Depending on the format of memory your camera uses, this answer will vary. Most high-end DSLRs will accept both CompactFlash and SD Card memory cards. CompactFlash is typically more “professional grade” in terms of construction and reliability and usually has higher read/write speeds. There are two rules we abide by when considering memory:Don’t buy the cheapest card — Cheaper cards are more likely to fail. Period. It wasn’t until I lost several hours worth of photos (luckily not from a wedding, thank God) that I really got serious and invested in higher quality SD cards. You will have to spend a little bit more, but you will be very thankful for the security of knowing your data is safe. (Disclaimer: Even high quality cards can fail — they just don’t as often. Always back up your data as early and often as possible)Bring more than you’ll need — We shot our first wedding with about 32gb of SD cards, and will NEVER do this again. I literally spent an hour of the reception sitting in the corner downloading all of our images onto my laptop, just so we could keep shooting for the rest of the night. You never, ever want to run out of memory during a wedding, because you never know what you might miss. We currently pack at least 80gb. Also remember that it is wise to use more smaller capacity cards, rather than fewer higher capacity cards. That is, bring 10 8gb cards rather than 1 80gb card. Sure, you have to switch cards more often, but if you do have data issues with a single card, you will only lose a small portion of your photos… and not the whole day. We have a cool little card holder that keeps our cards organized.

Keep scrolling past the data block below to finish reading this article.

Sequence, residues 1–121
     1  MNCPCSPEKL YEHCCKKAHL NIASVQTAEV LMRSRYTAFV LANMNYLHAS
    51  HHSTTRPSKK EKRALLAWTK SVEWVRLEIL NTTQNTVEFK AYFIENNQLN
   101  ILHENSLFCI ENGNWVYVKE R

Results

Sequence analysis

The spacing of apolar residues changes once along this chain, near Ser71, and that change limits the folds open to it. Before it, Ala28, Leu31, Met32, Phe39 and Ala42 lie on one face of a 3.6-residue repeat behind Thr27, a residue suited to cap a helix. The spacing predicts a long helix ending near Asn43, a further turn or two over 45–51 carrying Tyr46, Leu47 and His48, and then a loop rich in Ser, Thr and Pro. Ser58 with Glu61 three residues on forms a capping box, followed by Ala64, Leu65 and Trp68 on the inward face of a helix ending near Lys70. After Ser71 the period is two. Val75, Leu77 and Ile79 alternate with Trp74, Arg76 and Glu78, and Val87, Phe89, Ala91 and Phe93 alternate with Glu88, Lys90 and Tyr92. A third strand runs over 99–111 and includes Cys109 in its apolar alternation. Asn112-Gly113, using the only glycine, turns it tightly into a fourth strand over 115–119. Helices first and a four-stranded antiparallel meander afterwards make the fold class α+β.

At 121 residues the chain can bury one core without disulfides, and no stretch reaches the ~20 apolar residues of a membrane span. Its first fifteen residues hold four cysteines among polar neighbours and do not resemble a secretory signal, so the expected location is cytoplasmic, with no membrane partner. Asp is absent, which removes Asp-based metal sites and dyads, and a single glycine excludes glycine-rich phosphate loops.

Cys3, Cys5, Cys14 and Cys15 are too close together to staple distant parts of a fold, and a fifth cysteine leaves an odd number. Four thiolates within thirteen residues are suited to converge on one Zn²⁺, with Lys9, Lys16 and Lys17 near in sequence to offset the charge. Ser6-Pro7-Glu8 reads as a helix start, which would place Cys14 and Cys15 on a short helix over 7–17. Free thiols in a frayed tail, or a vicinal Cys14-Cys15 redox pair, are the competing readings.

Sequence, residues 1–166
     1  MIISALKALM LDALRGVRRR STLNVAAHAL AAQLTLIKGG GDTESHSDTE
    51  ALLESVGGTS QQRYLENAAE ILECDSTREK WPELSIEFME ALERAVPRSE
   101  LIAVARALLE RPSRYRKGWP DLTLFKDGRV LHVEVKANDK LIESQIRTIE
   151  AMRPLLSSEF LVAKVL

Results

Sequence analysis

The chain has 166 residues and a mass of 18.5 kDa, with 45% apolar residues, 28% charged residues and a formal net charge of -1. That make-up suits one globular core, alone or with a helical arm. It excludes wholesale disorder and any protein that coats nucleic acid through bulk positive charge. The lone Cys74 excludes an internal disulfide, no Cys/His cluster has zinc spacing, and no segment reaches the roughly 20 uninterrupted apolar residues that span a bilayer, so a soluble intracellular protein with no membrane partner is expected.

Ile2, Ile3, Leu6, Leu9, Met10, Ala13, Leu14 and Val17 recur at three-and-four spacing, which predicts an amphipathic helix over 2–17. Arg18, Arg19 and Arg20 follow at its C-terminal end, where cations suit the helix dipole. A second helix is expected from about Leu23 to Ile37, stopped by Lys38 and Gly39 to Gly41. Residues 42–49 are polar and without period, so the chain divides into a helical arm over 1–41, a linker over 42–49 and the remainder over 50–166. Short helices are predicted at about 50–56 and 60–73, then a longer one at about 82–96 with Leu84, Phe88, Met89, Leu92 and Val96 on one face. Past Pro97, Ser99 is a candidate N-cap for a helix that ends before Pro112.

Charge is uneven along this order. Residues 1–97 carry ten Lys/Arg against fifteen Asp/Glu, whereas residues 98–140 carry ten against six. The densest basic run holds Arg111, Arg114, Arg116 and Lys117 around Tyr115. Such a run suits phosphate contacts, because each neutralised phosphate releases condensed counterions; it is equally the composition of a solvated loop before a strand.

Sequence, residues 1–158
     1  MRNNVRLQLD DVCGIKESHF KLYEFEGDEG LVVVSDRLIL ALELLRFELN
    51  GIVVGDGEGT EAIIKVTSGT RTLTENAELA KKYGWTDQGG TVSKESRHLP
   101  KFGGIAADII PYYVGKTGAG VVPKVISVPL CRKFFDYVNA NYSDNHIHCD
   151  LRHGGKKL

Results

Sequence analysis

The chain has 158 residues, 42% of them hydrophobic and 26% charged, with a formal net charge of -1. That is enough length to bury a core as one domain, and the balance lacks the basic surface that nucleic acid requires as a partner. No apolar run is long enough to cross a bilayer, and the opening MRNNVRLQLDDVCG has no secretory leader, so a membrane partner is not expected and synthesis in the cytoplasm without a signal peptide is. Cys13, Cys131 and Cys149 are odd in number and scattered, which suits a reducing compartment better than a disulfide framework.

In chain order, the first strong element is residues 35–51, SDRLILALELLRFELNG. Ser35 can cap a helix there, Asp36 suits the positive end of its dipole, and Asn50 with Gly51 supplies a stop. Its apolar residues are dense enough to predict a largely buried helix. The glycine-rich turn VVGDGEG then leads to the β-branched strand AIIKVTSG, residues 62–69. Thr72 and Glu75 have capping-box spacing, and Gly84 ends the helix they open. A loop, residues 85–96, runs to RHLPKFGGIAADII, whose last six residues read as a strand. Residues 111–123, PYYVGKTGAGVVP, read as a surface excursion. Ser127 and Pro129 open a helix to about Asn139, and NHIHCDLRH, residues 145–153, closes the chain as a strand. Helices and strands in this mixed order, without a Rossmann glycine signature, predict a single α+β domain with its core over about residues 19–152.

You will hand-hold your camera for most of the day, but there are a couple very important instances when a tripod becomes a necessity. First, and this is especially relevant during ceremony photos, you will notice more and more “hand-shake” the further you zoom in. So if you are zoomed to 200mm standing at the back of the church, you will quickly find that it’s difficult to take a sharp photo. With a tripod, however, the quality of your images won’t be effected by your ability to keep a steady hand. Second, during large group photographs (You know, the ones where family members rotate in and out of the photo), you will be thankful to not have to worry about the position of your camera every single shot. This consistency will also make editing a heck of a lot easier.
With tripods, you can spend $20 for the most basic model, or you can spend $500+ for super-stable, indestructible models. If you have the money, I definitely recommend getting the nicest model you can. However, a $20 tripod will ABSOLUTELY work in most situations. So if that’s what you have already, there’s no need to break the bank for your first wedding. This may tarnish my street cred among photographers, but I actually prefer cheaper tripods for weddings. They are a fraction of the size/weight of other options, making them much more portable. Don’t tell anyone I told you that.
Like I mentioned before, you do not have to go out and purchase all of this equipment. Sites like BorrowLenses have awesome rentals that give you access to the nicest equipment, but without having to invest in purchasing it outright. Borrowlenses.com also offers rental packages — you can get everything on this equipment list as a bundle for a pretty good price.